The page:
It is curious when visiting art galleries and museums how diverse their photography policies are. The rules seem to be determined by how anal and old fashioned the institution is, rather than the preservation needs of the collection or the copyright and other issues related to the works and their histories.

In Australia the NSW Gallery has a clear policy displayed on its website and in the space on brochures – it is allowed without flash (this is very important). In contrast, the NGV in Victoria has an abstinence only policy. It says no photography at the venues but has no explanation on its website, despite having copyright and sketching policies.

A similar contrast exists between the Ballarat and Bendigo galleries in regional Victoria. Ballarat has a similar policy to NSW, and I carefully read the rules then happily snapped away without flash. Bendigo says no like the NGV. The result is that while Ballarat will get a glowing review in a future post. complete with many images, Bendigo got a curt visitor survey response form and no review here as I have nothing to show to base a discussion on.

I saw the Archibald Prize 2008 and the Fashion in the Age of Queen Victoria exhibition, but the permanent collection was disappointing.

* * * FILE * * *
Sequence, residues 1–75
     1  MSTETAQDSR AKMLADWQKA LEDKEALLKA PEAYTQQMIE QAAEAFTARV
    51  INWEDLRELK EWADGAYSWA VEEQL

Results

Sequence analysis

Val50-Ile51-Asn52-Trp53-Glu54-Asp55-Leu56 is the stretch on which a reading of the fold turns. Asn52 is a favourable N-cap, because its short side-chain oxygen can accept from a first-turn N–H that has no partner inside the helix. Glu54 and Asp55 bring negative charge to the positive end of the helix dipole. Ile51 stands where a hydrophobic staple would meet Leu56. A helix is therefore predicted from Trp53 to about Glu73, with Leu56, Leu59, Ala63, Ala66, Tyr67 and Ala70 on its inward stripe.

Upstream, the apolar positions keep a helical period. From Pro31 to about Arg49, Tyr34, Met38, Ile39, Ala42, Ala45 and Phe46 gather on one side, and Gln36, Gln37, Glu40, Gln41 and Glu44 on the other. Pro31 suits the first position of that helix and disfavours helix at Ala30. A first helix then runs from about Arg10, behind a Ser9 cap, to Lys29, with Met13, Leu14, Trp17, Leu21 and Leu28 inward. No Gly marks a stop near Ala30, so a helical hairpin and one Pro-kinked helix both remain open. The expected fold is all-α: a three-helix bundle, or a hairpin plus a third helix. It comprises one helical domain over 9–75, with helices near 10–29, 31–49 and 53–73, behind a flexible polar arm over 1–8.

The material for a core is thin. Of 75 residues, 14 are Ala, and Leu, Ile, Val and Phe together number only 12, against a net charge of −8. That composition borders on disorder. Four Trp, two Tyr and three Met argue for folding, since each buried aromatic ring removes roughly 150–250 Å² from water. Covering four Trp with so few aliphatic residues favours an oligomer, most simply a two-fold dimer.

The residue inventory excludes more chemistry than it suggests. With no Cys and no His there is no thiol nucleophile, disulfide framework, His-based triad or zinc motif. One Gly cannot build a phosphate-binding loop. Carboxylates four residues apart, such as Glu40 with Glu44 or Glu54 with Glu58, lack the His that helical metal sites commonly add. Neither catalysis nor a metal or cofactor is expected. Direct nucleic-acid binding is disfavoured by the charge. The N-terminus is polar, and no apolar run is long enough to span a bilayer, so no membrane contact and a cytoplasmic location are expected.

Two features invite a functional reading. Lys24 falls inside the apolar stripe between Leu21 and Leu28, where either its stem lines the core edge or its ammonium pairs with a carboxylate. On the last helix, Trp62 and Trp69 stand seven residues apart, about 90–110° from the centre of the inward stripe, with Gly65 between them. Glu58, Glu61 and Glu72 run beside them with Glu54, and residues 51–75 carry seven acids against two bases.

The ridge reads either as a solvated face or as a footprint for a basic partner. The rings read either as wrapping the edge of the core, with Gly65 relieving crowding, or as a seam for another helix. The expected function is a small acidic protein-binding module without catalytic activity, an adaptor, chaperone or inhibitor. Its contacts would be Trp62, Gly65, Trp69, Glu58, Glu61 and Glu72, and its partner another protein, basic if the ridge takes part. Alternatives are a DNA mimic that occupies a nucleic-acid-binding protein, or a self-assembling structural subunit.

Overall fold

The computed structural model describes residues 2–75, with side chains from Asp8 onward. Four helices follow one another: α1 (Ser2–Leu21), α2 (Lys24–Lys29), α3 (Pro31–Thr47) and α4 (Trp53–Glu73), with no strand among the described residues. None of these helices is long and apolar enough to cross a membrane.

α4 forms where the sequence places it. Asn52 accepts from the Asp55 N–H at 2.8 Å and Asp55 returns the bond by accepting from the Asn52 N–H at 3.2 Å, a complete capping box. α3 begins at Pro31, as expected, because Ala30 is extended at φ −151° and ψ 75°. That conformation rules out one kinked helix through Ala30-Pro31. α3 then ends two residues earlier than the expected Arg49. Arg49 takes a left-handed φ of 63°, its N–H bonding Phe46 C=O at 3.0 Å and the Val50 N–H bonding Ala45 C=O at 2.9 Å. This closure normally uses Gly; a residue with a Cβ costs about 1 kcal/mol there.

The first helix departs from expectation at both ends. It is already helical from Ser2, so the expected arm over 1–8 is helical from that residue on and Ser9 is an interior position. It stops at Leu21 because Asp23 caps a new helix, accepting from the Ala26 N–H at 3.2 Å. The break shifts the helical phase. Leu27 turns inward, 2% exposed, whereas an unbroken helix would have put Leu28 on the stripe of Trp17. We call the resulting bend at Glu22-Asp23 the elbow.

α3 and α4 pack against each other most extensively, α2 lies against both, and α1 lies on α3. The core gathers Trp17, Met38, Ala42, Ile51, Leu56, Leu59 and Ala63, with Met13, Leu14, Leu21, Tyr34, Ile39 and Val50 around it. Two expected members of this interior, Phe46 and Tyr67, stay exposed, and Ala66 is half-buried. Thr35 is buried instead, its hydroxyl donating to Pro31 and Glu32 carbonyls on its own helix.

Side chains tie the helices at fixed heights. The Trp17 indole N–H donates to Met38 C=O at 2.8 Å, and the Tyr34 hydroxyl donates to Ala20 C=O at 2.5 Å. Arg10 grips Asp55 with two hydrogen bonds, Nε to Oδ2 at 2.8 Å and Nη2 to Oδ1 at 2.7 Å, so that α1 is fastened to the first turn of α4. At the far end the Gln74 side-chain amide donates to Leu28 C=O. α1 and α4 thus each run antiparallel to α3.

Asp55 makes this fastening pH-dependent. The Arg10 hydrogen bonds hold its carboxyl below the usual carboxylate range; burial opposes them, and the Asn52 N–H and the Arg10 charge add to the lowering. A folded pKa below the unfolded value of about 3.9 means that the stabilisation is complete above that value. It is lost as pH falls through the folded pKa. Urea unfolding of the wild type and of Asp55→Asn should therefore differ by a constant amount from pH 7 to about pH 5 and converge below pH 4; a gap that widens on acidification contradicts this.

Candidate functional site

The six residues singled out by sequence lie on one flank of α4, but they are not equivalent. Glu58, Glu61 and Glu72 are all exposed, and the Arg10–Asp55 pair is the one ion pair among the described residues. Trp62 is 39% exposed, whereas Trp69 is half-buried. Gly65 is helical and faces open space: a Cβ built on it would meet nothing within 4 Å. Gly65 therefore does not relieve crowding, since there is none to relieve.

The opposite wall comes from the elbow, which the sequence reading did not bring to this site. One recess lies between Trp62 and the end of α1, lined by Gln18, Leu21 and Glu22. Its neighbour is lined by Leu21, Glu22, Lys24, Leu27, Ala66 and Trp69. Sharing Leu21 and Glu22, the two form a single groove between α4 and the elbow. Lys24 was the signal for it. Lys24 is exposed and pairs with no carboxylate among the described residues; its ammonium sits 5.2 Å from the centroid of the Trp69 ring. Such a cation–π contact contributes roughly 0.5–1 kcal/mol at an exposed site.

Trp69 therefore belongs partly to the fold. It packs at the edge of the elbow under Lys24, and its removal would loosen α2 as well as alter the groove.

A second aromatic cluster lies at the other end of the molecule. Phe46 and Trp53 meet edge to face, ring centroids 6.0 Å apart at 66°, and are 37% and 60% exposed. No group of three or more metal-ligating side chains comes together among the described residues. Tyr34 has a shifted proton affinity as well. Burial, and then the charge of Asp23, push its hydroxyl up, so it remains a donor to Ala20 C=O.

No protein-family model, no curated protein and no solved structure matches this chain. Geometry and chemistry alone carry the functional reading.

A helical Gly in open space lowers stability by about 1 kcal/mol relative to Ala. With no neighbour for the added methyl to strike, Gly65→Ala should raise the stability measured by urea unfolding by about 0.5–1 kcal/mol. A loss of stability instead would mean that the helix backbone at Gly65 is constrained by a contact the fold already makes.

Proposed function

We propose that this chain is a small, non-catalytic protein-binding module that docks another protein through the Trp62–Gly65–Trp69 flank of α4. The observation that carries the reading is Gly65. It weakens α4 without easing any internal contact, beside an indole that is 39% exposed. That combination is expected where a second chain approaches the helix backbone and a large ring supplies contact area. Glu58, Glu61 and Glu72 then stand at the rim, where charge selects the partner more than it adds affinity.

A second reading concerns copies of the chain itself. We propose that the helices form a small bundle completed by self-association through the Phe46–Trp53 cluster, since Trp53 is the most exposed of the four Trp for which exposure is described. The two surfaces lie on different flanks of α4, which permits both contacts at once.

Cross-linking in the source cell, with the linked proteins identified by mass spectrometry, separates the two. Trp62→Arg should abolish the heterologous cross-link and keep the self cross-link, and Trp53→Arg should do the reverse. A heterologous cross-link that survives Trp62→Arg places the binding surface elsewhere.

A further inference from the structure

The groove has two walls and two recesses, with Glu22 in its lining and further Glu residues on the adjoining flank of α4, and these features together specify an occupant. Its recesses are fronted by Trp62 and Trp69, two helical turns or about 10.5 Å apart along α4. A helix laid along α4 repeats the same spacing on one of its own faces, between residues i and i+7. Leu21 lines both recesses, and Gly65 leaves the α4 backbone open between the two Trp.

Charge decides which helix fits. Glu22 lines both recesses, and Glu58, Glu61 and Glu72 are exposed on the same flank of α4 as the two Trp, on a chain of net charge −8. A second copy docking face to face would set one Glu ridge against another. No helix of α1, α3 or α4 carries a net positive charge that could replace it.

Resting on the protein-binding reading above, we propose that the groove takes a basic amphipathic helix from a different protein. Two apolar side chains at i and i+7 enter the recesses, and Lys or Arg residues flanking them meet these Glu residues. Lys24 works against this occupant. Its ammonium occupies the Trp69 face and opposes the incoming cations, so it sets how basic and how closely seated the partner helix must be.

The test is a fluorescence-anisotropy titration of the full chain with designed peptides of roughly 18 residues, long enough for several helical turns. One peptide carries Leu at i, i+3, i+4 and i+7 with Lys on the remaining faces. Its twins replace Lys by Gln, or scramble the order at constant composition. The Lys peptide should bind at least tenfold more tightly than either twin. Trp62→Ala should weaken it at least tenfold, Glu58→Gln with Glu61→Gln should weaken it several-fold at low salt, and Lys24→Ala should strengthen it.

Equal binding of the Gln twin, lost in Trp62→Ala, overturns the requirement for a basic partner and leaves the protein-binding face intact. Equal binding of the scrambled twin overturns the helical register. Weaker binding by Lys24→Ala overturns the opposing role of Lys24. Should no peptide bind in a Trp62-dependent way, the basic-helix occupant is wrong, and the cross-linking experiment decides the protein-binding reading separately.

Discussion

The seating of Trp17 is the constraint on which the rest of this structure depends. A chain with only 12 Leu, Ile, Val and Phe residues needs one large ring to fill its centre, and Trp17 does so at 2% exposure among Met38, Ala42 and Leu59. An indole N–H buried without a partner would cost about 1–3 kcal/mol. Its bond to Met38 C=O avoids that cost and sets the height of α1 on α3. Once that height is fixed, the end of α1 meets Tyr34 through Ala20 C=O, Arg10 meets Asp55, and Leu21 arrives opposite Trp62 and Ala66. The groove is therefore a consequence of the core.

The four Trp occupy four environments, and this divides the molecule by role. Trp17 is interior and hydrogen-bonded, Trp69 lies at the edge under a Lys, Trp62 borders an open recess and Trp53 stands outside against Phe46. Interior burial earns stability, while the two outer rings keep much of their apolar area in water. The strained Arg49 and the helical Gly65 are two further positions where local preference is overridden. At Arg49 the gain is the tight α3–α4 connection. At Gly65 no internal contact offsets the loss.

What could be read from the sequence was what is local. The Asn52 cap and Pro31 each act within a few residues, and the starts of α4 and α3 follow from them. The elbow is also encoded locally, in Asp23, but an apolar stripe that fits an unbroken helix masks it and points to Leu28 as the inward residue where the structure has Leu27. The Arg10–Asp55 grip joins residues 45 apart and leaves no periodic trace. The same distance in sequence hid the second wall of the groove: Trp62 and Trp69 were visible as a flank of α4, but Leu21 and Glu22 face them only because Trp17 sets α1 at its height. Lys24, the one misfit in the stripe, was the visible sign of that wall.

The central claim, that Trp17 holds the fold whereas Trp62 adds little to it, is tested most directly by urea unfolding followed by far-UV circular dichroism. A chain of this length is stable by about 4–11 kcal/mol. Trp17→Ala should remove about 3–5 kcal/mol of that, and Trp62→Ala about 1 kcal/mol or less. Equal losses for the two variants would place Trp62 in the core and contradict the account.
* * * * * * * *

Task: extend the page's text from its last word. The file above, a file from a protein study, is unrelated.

The topic is much debated by art bloggers. One cynically claims the no photography policies exist to support the income from the gallery shops, which may sell less postcards if we could all easily take images home with us.

My view is if there are no conservation issues (fragility to light), or inconvenience to other visitors (which can be controlled by gallery staff), or copyright or intellectual property issues (items from private collections on temporary loan or indigenous items), then as a taxpayer I should be able to photograph works I help pay for.

In some cases the bans are excessively ironic and I sometimes sneak a peak in the NGV. The Metropolitan Museum of Art in NYC has a policy like the NSW gallery. It’s about common sense. It’s time for the NGV to wake up to the twenty-first century and embrace rather than alienate art lovers. Bendigo could then follow its lead.

visiting galleries and photographing art

2 thoughts on “visiting galleries and photographing art

  • 15 June 2008 at 12:21 pm

    When I visited the Louvre earlier this year, I was surprised to find that you can pretty much photograph anything you like there without restriction. Even the Mona Lisa! Even with flash! (Mind you, the Mona Lisa – horrible painting, really – is behind some sort of impenetrable glass which no doubt protects it from light as well as grubby fingers and vandalism.)

    I find flash obnoxious at the best of times, but it was nice to be able to take a photo of the Mona Lisa’s bum.

  • 27 June 2009 at 11:24 pm

    After spending some time working through the vague instructions – which did initially seem like an ‘abstinence only policy’ as you put it – my current understanding is that you can take photos in most of the NGV without flash (at least in the International, I’ve not tried in Ian Potter). There are usually clear signs where it is not permitted – such as the Dali exhibition. I regularly take photos of the permanent collection, and have also photographed the Austen fashion show and the recent Chinese Robes show – though I do always check with the desk or the nearest guard just to be sure. It’s just a shame the ‘no mobile phones’ rule is not enforced! []


Leave a Reply

Your email address will not be published. Required fields are marked *